Margaret: Right. So history. From the start, and I can’t pronounce his proper name, but E.I. du Pont, when he came in January 1800, I think, to the United States, there’s a quote in the book that says he wrote a letter to someone and said, I guess back home or whatever, it said: “When I began building my establishment here, it was like settling in a back country. No road, no decent house, no garden.” And then he added, “Being without a garden was the greatest deprivation, and it’s the first thing that occupied my time.”

So he was a determined garden-maker, for sure. Now, his garden, Larry, that is at Hagley, yes? [Above, the Crowinshield garden, at Hagley, is unrestored.]

Larry: That’s Hagley. Yes. What’s interesting is that in the book, we show a picture of the stone barn they built, which is huge. It’s monumental. It’s a bank barn, so that you can drive up or get a cart up into the second floor and so forth. It was in fact, when they started, basically their home, which they shared with the animals, and then they branched out and built the house, and then years later, they built the office.

Then the garden was very early, because they needed the food and the crops. So that in a sense, it’s a true American story in a way. It’s agrarian in that way. And yet, they then use the river to create this great industrial empire, because it is the power, that water power, which they use as the energy to move the mills, to move the turbines, and so forth.

Margaret: Larry, as a photographer, looking at Hagley—I haven’t been there, but I’ve read a lot about it, and I’ve talked to the person who’s charged with bringing it back—its bones are there, but a lot of it’s in ruin, almost. It’s not  fancy… It doesn’t look like Longwood [laughter], let’s put it that way.

Larry: Well, it’s actually the most enticing in its own way. It has its industrial history. I had not been expecting when I got there to see the ruin which the Crowninshield family had built. They had built a fantasy world, where they had this Italianate garden, and you walked down from the house, and you walked into a classical environment with a huge gate, which they had taken parts of from Italy and so forth.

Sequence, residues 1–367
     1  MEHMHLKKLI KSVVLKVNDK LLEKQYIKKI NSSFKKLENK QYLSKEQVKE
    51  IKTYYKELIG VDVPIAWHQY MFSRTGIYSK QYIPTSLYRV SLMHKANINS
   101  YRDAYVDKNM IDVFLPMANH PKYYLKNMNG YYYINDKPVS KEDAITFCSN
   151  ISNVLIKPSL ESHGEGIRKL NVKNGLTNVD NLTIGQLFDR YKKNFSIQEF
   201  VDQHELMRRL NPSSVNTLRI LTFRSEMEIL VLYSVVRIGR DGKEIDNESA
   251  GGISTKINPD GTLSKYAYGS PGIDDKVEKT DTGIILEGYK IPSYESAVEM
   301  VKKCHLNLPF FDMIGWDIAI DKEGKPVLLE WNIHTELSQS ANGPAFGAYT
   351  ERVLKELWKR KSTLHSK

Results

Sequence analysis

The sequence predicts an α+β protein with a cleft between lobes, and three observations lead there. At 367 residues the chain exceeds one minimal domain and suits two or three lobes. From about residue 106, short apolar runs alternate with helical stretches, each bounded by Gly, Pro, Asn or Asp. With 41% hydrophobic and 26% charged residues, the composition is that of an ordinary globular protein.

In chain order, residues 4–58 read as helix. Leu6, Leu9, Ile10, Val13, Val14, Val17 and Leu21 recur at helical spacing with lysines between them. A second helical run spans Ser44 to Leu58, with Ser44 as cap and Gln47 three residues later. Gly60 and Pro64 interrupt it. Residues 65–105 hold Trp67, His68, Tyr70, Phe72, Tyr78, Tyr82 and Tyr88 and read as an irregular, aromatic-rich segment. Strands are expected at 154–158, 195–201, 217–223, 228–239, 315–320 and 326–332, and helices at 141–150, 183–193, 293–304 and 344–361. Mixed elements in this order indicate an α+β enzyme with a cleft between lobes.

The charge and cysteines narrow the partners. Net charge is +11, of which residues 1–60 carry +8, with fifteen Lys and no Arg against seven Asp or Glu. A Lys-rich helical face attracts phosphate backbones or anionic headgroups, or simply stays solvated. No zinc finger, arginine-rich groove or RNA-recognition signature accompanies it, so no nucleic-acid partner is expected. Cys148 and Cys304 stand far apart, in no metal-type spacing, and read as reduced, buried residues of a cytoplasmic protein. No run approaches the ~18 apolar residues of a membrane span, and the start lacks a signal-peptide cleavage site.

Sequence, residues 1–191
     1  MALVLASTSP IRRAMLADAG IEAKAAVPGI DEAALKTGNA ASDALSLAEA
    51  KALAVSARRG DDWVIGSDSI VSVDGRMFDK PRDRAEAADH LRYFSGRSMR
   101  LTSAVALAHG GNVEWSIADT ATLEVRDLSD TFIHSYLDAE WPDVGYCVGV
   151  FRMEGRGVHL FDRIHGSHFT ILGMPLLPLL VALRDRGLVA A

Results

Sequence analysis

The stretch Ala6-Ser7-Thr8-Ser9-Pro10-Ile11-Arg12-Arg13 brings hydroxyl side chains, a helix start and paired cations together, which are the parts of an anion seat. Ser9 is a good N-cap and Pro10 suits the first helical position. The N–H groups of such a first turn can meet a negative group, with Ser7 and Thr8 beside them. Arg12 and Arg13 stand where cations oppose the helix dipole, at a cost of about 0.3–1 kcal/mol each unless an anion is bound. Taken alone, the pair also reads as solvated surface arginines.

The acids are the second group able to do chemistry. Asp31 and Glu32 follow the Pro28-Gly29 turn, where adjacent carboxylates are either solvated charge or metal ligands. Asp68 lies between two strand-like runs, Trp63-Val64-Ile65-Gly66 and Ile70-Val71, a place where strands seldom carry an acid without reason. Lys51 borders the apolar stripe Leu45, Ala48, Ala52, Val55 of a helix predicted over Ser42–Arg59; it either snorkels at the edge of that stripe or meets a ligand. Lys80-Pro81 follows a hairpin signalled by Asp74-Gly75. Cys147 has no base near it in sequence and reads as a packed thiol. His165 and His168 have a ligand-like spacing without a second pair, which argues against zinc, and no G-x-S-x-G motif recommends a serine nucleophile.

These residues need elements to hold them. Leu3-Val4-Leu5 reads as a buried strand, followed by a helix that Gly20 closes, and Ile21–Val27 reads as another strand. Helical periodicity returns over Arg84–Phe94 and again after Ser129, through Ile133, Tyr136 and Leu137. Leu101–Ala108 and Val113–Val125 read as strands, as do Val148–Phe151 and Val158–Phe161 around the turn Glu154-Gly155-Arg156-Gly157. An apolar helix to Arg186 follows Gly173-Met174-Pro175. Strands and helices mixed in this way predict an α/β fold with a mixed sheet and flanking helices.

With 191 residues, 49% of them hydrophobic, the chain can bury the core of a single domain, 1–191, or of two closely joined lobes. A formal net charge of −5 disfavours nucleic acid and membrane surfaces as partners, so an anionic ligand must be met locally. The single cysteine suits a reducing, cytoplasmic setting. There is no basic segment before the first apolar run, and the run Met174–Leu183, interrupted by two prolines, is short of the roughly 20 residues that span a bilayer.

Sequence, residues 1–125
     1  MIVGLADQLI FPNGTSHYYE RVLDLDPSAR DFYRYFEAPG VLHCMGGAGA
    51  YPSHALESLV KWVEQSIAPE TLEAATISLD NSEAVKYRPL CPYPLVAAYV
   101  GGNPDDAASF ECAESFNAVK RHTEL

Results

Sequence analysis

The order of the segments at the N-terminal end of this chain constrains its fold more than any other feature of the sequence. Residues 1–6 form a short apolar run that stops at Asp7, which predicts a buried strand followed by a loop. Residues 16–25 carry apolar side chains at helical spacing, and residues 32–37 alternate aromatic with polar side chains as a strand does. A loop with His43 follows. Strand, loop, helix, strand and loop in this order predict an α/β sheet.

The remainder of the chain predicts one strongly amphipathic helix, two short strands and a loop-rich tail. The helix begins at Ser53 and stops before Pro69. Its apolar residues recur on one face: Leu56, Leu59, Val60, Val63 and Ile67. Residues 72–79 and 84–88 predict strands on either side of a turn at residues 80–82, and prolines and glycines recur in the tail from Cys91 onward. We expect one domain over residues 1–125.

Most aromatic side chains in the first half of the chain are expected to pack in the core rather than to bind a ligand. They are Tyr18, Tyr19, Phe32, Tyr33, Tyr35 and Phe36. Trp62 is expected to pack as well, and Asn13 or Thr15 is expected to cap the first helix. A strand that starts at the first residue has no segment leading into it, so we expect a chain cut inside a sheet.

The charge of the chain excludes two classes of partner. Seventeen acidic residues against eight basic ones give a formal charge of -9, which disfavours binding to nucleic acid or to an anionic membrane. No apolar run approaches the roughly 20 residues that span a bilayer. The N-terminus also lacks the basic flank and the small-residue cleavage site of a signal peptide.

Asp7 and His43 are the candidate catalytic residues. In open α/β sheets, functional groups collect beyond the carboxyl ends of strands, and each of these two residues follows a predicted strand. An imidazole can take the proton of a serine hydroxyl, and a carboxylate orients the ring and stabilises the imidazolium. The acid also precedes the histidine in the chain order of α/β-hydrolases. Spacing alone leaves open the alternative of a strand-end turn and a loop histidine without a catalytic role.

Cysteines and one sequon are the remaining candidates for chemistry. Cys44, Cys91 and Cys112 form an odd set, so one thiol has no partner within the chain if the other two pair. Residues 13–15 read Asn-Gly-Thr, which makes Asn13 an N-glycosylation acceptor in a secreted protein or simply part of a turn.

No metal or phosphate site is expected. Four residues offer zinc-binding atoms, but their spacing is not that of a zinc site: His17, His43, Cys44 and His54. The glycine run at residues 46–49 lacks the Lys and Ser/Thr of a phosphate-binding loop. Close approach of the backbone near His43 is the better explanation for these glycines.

And they had statuary, and it has a classic quality to it, and it has an industrial quality to it, because they used the great iron steel cauldrons that were used in the mill to create ornaments and so forth.

So I was surprised by it when I got there, and it was raining that day, or it had been raining, and it had this kind of quality to it. The air and the light had this quality to it, a fog and so forth, and mystery. And they said, “Oh god, the weather’s not very good.” I said, “No, this is magnificent.” [Laughter.] I said, “It’s a fairy tale, and this is a way to tell it.”

Margaret: Yeah. So Marta, to write about it, it’s different from a lot of gardens, right? Because it’s not all gussied up. There are plants that still come back through all the overgrowth and whatever, things that were planted there a long, long time ago. This is an old garden, again, the remnant of an old garden. Right?

Marta: The wonderful thing about Hagley is, it’s really two gardens, and they’re on two sides of the old homestead, if you will, the original du Pont house. Up the hill from the house, there’s this French potager, and it’s in beautiful condition because it was restored, I think in the 1970s. It’s still beautifully tended, just what you’d expect. The espaliered fruit trees, and beautiful pruning, and all very precise.

Then if you go down the hill to the back of the house, you find this other garden that Larry’s describing, and it was created over 100 years after the first one. So again, this is the one created by that first du Pont, E.I. du Pont’s great-granddaughter—I’ve got my generations confused, too—and her husband, the Crowninshields.

It’s really, really magical. As Larry said, it’s either fairytale, or to me, it was kind of haunting. It’s vaguely in ruin. It’s a feeling in a garden that I have not had often. There was the the Lost Gardens of Heligan, which I saw once in Cornwall. It’s really nothing I’ve seen in the U.S. So it’s got so much potential. And as you say, part of this magic is, in the spring, the bulbs that Louise Crowninshield planted still come up and bloom. Some of the trees are there, so that’s very cool.

Margaret: Yeah, it’s very, very crazy. Yeah.You hinted at it before, Marta, you said something about “they were all tree-planters.” But I was thinking as I looked through the book and read through the book that it’s not just horticulture, and this was horticulture on a grand scale at these estates, but there’s also arboriculture. There’s the love and the care of trees and so forth. So Larry, as someone looking at these places, figuring out how to showcase them in photography, trees are such an important signature of these gardens, and they’re also such big characters in any photograph, yeah? So you must have had quite a time. There’s a lot of pictures that involve important trees, and allees of trees, and so forth. Yes?